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Secret Service's Hollywood Allure Fueled By Its Secrecy

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Secret Service's Hollywood Allure Fueled By Its Secrecy

National Security

Secret Service's Hollywood Allure Fueled By Its Secrecy

Secret Service's Hollywood Allure Fueled By Its Secrecy

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  • <iframe src="" width="100%" height="290" frameborder="0" scrolling="no" title="NPR embedded audio player">
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Before Secret Service agents found themselves the butt of late-night TV jokes, they were more used to being portrayed in big-budget Hollywood movies. We look at the service through Hollywood's lens.


All the security stumbles and the leadership shakeup have put the spotlight on the U.S. Secret Service this week. Late night comedians are doing what they do in such moments.


JIMMY FALLON: The intruder got all the way to the East room, which got worse when the Secret Service said woah, there's an East room?


FALLON: Take a tour of this place.

SIMON: Of course the Secret Service has long been fodder for Hollywood as NPR national political correspondent Don Gonyea reports.

DON GONYEA, BYLINE: Let's start back in 1939 when the U.S. Secret Service had an early star turn in the epic - OK, maybe it wasn't so epic - "Code Of The Secret Service" with leading man Ronald Reagan. Reagan played agent Brass Bancroft, who is headed off on assignment when another agent asked to tag along.


EDDIE FOY JR.: (As Gabby) What assignment did you get?

RONALD REAGAN: (As Brass Bancroft) The Treasury stakeout.

EDDIE FOY JR.: (As Gabby) Right down my alley. When do we leave?

REAGAN: (As Brass Bancroft) Well, you'll have to include yourself out of this trip, Gabby. Well, you couldn't go anyway, aren't you guarding the president?

EDDIE FOY JR.: (As Gabby) Nah, he went fishing again.

GONYEA: The agent is action hero. That's how the Secret Service was portrayed for decades. Then came the early '60s, and the exploration of more comedic possibilities. This is from a musical written by the legendary Irving Berlin. His last show ever, called "Mr. President." The character singing is the first daughter.


ANITA GILLETTE: (Singing) The Secret Service makes me nervous. When I am dating, they are waiting to observe us.

GONYEA: A side note - the musical premiered at the National Theatre in Washington, D.C. Among those attending were the President and Mrs. Kennedy. As the years passed it became a Hollywood tradition to milk the Secret Service for laughs. In the '90s, the comedian and actor Sinbad starred in this Disney feature called "First Kid."


UNIDENTIFIED NARRATOR: Secret Service agent Sam Simms has a style all his own.

BILL COBBS: (As Speet) Simms, what is that? This is a black-tie affair.

SINBAD: I know sir and I got it covered. I'm black and I'm wearing a tie.

UNIDENTIFIED ANNOUNCER: But now he's facing his most dangerous assignment - protecting himself from the president's son.

GONYEA: And for the grown-ups, there was "Guarding Tess" with Nicholas Cage on the security detail for an eccentric and demanding former first lady, played by Shirley MacLaine. The agents find themselves in a grocery store.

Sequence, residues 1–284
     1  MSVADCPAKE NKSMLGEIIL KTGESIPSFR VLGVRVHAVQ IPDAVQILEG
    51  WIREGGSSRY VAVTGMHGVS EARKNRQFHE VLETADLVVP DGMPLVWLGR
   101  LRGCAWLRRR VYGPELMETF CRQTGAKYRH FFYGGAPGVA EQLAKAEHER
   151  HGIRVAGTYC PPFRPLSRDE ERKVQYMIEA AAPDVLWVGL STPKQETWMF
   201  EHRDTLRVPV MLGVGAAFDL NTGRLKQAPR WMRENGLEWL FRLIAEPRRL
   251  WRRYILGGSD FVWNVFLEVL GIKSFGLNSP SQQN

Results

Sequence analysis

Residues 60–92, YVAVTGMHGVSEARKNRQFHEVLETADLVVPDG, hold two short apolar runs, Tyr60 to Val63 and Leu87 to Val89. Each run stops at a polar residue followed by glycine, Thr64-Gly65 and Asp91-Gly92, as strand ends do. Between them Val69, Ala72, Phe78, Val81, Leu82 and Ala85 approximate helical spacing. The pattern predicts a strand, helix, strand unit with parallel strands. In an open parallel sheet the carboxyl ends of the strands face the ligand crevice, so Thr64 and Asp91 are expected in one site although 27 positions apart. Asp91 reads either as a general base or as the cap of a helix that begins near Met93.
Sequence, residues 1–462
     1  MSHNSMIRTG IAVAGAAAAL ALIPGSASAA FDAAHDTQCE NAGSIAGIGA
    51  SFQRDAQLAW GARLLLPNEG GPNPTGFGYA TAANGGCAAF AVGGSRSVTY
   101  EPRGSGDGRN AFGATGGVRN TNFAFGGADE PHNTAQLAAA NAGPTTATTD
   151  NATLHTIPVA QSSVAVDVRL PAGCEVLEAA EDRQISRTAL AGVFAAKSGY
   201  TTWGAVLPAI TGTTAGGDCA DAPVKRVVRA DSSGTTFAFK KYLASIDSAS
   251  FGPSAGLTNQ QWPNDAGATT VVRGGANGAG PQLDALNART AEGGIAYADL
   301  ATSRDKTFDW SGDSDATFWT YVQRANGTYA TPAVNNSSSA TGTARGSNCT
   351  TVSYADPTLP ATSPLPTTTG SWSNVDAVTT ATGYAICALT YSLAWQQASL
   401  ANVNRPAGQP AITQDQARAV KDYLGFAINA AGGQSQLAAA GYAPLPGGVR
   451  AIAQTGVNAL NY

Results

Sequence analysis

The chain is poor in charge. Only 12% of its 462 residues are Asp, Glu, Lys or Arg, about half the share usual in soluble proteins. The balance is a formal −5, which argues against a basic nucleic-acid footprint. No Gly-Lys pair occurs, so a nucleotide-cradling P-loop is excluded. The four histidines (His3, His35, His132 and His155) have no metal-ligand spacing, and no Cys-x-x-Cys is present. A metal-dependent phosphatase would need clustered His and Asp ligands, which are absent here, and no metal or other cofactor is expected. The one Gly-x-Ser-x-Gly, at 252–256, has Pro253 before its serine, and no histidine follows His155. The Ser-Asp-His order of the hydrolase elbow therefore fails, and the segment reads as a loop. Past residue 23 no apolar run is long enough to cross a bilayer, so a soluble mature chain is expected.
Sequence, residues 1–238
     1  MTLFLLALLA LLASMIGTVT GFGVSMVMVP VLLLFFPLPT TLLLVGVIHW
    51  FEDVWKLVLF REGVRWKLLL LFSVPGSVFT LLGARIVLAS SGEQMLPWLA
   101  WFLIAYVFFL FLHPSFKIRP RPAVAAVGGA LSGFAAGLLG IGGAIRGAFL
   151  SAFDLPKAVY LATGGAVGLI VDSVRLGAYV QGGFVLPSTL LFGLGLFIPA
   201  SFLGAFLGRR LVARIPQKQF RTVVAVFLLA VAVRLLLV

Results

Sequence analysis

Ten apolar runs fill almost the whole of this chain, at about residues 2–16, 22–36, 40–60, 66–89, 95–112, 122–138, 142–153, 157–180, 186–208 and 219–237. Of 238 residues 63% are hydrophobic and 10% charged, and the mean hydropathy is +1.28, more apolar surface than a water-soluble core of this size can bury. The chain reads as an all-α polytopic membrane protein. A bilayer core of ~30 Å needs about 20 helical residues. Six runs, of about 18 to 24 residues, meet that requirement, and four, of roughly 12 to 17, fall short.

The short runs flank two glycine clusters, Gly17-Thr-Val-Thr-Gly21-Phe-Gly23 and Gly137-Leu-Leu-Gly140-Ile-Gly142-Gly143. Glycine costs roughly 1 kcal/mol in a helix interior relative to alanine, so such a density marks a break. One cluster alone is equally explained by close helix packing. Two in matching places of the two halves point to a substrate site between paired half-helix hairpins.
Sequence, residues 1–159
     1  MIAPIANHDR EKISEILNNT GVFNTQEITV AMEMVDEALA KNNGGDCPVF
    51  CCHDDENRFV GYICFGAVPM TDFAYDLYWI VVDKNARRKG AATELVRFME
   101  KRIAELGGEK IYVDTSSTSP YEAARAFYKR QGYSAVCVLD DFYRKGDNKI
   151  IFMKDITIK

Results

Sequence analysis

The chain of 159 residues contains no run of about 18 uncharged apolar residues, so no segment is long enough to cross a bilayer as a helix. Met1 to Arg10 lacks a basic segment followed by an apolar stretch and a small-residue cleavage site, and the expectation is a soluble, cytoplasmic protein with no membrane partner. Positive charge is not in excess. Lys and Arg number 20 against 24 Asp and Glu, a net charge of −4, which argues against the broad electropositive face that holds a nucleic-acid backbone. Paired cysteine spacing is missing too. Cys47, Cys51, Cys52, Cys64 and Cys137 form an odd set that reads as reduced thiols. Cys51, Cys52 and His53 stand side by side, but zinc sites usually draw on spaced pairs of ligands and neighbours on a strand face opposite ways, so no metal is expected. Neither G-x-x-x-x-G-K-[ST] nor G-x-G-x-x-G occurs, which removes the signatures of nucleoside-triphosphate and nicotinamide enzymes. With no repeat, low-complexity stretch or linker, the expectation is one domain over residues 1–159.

BRANT VON HOFFMAN: (As Bob Hutcherson) I need a price check on Lesieur baby peas.

NICHOLAS CAGE: (As Doug Chesnic) They're on special today, two for $.59.

HOFFMAN: (As Bob Hutcherson) Copy that, Doug, but I believe we've lost interest in peas, repeat, lost interest in peas.

GONYEA: Then, there's the action-adventure genre. Hollywood loves plots that put the leader of the free world at risk, and you can't do that without making the Secret Service look overwhelmed at best, inept at worst.


UNIDENTIFIED ACTOR #1: The most protected building on earth has fallen.

UNIDENTIFIED ACTOR #2: The president is being held hostage.

GONYEA: That's "Olympus Has Fallen" from last year. Not to be confused with the movie "White House Down," also from last year. That one features a guy whose application to the Secret Service is rejected. He saves the day anyway.


CHANNING TATUM: (As Cale) This is John Cale. I'm in the White House. They've taken the building and they're holding hostages, including my daughter.

UNIDENTIFIED ACTOR #3: Alpha one, do you have the target?

GONYEA: Then there's the Secret Service agent as bad guy plot line. That was in "Air Force One" with President Harrison Ford. There are notable examples of the Secret Service being portrayed in a more realistic way, like on the TV series "The West Wing." By most accounts, the gold standard is a Clint Eastwood movie from 1993 - "In The Line Of Fire." He plays an agent who'd been on duty with JFK in Dallas.


CLINT EASTWOOD: (As Frank Horrigan) For years I've been listening to all these idiots on bar stools with all their pet theories on Dallas.

GONYEA: 30 years later, Eastwood's character is still tormented.


EASTWOOD: (As Frank Horrigan) I don't know why I didn't react. I should've reacted. I should've been running flat out. I just couldn't believe it.

GONYEA: Ultimately, the secrecy that surrounds the United States Secret Service is the thing that fuels its allure and its mystique for storytellers. And it's that characteristic that will continue to make the agency so irresistible to the world of popular culture, with or without more troubling episodes like those revealed this week. Don Gonyea, NPR News, Washington.

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